A Philosopher Remembers
Persons and Places. By George Santayana. (Constable. 10s.)
MR. SANTAYANA disclaims writing an autobiography, though appear- ances are against him. However, the title of the book suggests his approach, emphasised in the chapter headings, and insisted upon in the text: " . . . when I look back over those years, I see objects, I see public events, I see persons and places, but I don't see myself." How, indeed, he explains a little earlier, could he possibly see himself as he was?
. . . vast proportions of the past—almost all our dreams, almost all our particular thoughts and conversations—become unrecoverable. Our accepted, organised, practically compulsory habits shut them out. But these habits themselves will change more or less with time and with circumstances. Even what we still think we remember will be remembered differently ; so that a man's memory may almost become the art of continually varying and misrepresenting his past, accord- ing to his interests in the present. This, when it is not intentional or dishonest, involves no deception. Things truly wear those aspects to one another. A point of vieis, and a special lighting are not distortions. They are conditions of vision, and spirit can see nothing not focussed in some living eye.
It must not be concluded from these extracts that this is a philo- sophic work. This, too, Mr. Santayana disclaims. But, coming from whom it does, it is necessarily shot with philosophy, the humane philosophy, abhorring dialectic—even the honester variety Mr. Bertrand Russell expounded to him—which gives Mr. Santayana a speciil place among philosophers ; a philosophy which is art and wit, which is faith in the thing that is and in the emotions that move people, the philosophy of a sensitive recluse vowed to "materialism," happy in the realm of essence, and reverent of all religions.
It is, as one might guess, part of the charm of the book that this sort of philosophy is never far away from the most vivid descriptions of persons and places, focussed in the living eye of -this citizen of the world—of two worlds. For it is hard to say whether Spain or America has been the most potent influence in forming him, whether the Spain of Avila, that grand decaying relic of mediaevalism, or the America of Boston, the Boston of the mercantile tradition, with Harvard growing up majestically into its own. The fusion, at all events, is perfect.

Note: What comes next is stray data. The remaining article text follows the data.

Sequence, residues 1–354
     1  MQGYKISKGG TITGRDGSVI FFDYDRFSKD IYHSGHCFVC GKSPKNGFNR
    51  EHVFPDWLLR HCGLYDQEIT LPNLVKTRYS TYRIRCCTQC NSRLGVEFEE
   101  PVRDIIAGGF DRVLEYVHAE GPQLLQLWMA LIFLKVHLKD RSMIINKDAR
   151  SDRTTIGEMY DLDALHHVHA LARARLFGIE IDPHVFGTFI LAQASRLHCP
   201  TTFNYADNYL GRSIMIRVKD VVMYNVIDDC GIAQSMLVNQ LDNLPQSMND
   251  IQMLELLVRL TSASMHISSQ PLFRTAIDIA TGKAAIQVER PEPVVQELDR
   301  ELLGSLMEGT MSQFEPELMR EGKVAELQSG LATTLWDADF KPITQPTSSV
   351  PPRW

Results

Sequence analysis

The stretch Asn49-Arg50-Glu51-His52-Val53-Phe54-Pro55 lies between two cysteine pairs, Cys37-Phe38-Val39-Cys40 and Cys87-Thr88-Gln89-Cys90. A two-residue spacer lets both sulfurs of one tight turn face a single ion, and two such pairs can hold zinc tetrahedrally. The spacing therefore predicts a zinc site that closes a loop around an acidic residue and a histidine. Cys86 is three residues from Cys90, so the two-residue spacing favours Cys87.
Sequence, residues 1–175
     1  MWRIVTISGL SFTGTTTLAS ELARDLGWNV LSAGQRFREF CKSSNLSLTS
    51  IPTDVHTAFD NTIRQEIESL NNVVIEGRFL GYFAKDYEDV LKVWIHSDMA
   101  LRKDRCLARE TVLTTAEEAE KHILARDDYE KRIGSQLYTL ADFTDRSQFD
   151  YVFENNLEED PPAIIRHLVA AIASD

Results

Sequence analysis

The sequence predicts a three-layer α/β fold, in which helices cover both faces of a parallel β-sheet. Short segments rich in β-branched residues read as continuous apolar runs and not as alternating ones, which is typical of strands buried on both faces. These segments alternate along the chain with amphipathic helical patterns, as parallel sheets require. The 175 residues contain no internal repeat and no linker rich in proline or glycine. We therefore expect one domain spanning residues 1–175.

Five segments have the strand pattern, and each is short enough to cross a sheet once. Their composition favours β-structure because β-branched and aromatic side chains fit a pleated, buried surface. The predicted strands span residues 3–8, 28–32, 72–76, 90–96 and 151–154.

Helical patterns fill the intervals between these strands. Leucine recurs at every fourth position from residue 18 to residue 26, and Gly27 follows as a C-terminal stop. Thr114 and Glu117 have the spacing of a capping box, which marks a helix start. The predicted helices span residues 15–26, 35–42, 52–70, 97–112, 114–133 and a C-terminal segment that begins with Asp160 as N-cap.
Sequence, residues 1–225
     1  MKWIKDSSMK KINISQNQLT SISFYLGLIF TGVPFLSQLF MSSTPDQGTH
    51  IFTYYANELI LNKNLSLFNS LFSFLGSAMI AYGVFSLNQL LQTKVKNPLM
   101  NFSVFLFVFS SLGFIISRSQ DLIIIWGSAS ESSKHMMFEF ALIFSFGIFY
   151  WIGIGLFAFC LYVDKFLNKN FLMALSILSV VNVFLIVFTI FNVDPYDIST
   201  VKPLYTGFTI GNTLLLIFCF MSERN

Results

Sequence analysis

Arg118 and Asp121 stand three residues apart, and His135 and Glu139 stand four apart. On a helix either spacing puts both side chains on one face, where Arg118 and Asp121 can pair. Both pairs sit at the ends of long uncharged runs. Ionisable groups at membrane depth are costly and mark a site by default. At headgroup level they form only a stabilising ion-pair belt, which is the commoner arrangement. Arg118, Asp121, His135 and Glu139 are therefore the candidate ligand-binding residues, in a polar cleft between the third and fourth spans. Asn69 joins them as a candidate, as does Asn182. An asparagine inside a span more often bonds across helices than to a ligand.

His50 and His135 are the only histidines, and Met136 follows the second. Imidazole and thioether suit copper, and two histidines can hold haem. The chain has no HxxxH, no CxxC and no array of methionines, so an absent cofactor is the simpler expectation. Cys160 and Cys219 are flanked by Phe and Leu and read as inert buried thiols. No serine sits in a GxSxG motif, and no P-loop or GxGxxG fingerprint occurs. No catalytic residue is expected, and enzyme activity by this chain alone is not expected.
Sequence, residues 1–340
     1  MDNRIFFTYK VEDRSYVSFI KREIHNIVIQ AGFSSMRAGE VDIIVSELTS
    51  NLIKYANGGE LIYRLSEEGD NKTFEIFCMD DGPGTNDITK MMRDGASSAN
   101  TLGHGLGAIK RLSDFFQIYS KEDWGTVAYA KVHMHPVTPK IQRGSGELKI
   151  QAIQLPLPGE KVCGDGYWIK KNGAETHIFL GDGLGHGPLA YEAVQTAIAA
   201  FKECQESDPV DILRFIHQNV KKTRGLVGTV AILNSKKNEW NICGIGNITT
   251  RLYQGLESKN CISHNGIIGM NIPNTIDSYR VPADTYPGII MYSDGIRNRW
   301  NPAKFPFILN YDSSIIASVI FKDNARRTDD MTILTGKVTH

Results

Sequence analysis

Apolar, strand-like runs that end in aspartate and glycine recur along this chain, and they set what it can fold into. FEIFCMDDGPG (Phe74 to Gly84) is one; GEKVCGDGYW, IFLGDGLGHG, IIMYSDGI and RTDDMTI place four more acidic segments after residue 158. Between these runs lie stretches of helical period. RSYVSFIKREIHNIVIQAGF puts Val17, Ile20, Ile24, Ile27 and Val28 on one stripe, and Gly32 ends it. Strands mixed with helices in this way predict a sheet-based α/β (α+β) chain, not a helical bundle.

So it matters all the less that there is a certain chronological confusion in the book, at least in its earlier part: but we do not mind, for this part tells us largely of Mr. Santayana's remarkable mother, who at one time, in the South Seas, led the life of a Conrad heroine, before marrying a Sturgis, with all that that implied in those days. She later returned to Spain to marry a Santayana, but in the end brought her family back to Boston for the sake of their education. Tutorial instruction had come to an abrupt stop in Spain, where the Alsatian tutor had taken to interrupting his work to whisper into the ear of Susana Sturgis, then hardly sixteen, 7e vous aime avec rage. Yet education was none too east in Boston for a family living only in the remoter suburbs of prosperity, being in fact very poor, with only rare incursions into
the more gracious life of the merchant princes. What a contrast with Avila and its "grave and disillusioned" inhabitants must have been the somewhat raw, even frontier, atmosphere of Boston ; yet it was the Boston of the great old American culture, the culture of Emerson, Longfellow and the Lowells.
However, the point of the book, or so Mr. Santayana would wish, are the pictures of persons and places presented to us, with such understanding, and such humour, combined with the firm outline, that as we lead the originals exist. The novelist who wrote The Last Puritan (the brute matter of some of that work is here) knows how to handle his portraits, so that the whole of the Sturgis and the Santayana families live around us as we turn the pages. In a way perhaps the most finished portrait of all is that of Mr. Santayana's father, sceptical, experienced, forgiving, but nicely intolerant, a man whose views really were views, as we are told, and who, when he felt he might be dying, cried out- " with a shout that resounded through the whole house, ' La Uncion y la gallinaP (Extreme Unction and a chicken!)." But who can forget Mr. Santayana's iron-willed mother, the various Spanish or American uncles and aunts, his devote half-sister Susana, and a dozen others, friends or masters ; or ever lose the vision of Avila, and of the grim slice of Boston in which the family lived. Nor is this the last ; for though this book takes us only as far as the end of Mr Santayana's early days at Harvard, the final sentence, to our great delight, reads : "The curtain drops here, to rise presently on . . . other scenes."